I went to a talk Wednesday by Stu Hoffman, past Chief Economist at PNC. He included comments on the Magnificent Seven. I had not been following that term that’s applied to seven high-flying stocks. The story he told that bolstered the rationale as to why you should hold a broad-based index fund: the total return of the market over time is very “skewed;” relatively few stocks account for most of the total stock market gains over time. If you invest in an actively managed fund, and the fund does not hold the few stocks that dramatically outperform over time – or enough of them, the fund will trail the market as a whole. And, boy, from what Stu said, we really can see that clearly this year.
Stu said the Magnificent Seven had gained 50% in value this year while the balance of 493 stocks in the S&P 500 had gained 6% in value. Weighting those two results gives the 20% total gain in the stock S&P 500 Index. (The market is up 25% now. Stu obviously couldn’t update for the big market gain on Wednesday.)
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Here are the Magnificent Seven. I show their returns YTD as of Wednesday. Stu’s statement of 50% gain for these stocks this year is an understatement. The worst performer is up 50%. The arithmetic average is more than 100% – more than double in value.
I don’t have their weights of the S&P 500 on January 1 to verify how much they account for the total market gain vs. the other 493. They are 28% of the value of the market now. If they were 10% of the value of the market on January 1, these seven (1.4% of the total number of stocks in the 500) account for 40% of the total market gain for 2023: 100% gain * 10% weight = 10% weighted gain vs. 25% total weighted gain.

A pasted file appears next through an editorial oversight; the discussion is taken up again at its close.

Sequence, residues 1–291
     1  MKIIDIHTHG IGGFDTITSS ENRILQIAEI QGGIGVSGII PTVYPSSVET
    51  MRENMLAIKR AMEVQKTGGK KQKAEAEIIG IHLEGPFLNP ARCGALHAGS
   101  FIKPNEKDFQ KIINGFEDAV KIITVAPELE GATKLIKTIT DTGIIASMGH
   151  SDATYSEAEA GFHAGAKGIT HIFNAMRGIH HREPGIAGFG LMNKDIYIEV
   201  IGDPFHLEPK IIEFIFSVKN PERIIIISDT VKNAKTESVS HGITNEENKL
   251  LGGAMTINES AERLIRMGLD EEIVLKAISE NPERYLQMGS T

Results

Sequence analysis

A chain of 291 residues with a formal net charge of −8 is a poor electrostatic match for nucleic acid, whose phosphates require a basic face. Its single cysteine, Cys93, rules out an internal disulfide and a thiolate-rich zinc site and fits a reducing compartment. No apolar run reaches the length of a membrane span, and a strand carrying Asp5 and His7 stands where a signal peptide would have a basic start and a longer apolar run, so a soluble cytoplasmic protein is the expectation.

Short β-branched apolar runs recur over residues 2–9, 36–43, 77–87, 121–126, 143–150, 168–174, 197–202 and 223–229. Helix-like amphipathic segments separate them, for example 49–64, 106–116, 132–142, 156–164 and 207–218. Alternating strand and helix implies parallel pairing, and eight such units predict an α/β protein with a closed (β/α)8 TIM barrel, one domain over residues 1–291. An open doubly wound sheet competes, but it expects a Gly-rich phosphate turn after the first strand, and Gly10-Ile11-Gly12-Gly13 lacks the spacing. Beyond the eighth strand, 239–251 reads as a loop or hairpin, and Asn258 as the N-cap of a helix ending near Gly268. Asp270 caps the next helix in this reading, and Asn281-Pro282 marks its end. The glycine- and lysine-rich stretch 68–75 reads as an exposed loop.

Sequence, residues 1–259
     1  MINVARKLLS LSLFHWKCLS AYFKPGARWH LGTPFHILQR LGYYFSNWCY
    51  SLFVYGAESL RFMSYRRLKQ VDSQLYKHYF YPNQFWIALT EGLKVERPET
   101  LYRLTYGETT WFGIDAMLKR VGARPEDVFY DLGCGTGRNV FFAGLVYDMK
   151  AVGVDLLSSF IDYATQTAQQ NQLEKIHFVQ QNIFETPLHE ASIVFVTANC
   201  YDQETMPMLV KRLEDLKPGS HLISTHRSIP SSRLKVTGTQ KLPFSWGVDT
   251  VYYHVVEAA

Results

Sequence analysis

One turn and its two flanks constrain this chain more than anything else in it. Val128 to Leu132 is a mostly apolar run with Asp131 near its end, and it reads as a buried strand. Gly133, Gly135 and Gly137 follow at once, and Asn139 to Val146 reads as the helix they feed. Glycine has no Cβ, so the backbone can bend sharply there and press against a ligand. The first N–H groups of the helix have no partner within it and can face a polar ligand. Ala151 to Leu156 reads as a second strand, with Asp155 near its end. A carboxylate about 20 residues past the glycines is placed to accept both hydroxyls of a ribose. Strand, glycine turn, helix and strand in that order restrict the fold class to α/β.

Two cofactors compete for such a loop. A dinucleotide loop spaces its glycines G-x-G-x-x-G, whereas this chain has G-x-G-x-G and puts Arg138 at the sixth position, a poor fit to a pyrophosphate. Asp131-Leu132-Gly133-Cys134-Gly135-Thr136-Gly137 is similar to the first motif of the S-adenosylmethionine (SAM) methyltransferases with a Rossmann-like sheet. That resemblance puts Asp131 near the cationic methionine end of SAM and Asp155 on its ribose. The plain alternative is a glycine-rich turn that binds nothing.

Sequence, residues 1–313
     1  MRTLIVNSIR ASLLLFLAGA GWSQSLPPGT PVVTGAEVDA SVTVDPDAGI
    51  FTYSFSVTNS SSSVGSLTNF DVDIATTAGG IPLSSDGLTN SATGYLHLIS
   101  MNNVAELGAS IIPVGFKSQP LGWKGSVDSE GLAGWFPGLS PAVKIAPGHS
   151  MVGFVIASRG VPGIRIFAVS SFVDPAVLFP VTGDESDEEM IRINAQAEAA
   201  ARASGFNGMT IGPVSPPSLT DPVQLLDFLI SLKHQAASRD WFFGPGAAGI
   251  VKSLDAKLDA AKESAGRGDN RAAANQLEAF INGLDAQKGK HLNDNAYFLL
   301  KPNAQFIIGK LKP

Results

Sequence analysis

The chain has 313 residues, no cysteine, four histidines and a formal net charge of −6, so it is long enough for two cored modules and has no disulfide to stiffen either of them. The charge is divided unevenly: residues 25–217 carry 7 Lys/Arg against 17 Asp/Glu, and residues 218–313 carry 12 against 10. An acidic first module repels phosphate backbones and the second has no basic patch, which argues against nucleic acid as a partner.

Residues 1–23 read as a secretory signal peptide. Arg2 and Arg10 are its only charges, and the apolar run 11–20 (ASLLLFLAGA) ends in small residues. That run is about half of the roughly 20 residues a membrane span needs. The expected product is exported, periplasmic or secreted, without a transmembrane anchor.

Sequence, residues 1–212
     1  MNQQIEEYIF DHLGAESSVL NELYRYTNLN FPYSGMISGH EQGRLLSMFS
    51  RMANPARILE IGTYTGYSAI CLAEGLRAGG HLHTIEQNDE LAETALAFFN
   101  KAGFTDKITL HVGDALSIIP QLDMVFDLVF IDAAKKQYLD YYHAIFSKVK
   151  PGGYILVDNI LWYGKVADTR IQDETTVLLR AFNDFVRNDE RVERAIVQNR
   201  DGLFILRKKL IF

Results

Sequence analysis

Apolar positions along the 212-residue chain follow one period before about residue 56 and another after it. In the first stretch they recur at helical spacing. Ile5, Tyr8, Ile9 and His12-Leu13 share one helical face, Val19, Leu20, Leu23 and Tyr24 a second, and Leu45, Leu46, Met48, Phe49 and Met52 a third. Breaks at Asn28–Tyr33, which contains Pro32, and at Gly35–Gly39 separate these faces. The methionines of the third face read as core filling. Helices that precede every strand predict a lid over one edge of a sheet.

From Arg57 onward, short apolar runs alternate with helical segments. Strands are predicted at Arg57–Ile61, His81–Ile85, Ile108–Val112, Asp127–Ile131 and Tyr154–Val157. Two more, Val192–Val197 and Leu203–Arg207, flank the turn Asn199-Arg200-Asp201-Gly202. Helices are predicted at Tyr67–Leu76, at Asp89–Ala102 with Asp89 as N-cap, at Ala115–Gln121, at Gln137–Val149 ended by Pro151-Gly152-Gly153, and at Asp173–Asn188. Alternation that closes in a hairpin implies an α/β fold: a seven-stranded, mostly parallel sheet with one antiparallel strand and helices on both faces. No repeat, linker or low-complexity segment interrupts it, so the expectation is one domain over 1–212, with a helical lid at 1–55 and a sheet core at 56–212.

We can also get a sense of the skew in returns this year by comparing the return for an S&P 500 fund that weights the stocks it holds by their value relative to the whole to a fund that equally weights all 500 stocks in the S&P 500 – it tries to always own the same percentage value of each of the 500 stocks. The arithmatic average return for all stocks is about half that of the weighted average.
The equal weighted fund may own just 1.4% of its total value in the Seven, depending on its frequency of rebalancing such that each stock is 0.2% of the value of all stocks it holds.
Conclusion: You want to hold a broad-based fund that owns all or almost all stocks. You don’t miss out on the relatively few stocks that account for much of the total growth of the market. This argument is easy to understand this year. Seven stocks (1.4% of the total) account for perhaps 40% of the total market gain of the S&P 500 stocks for the year. If you hold an actively managed fund that misses out on the seven stocks – or holds too little of them – you’re left holding stocks that on average return much lower than the total market return; it’s almost impossible to match the return of a broad-based index funds that owns all of them in proportion to their value to the whole.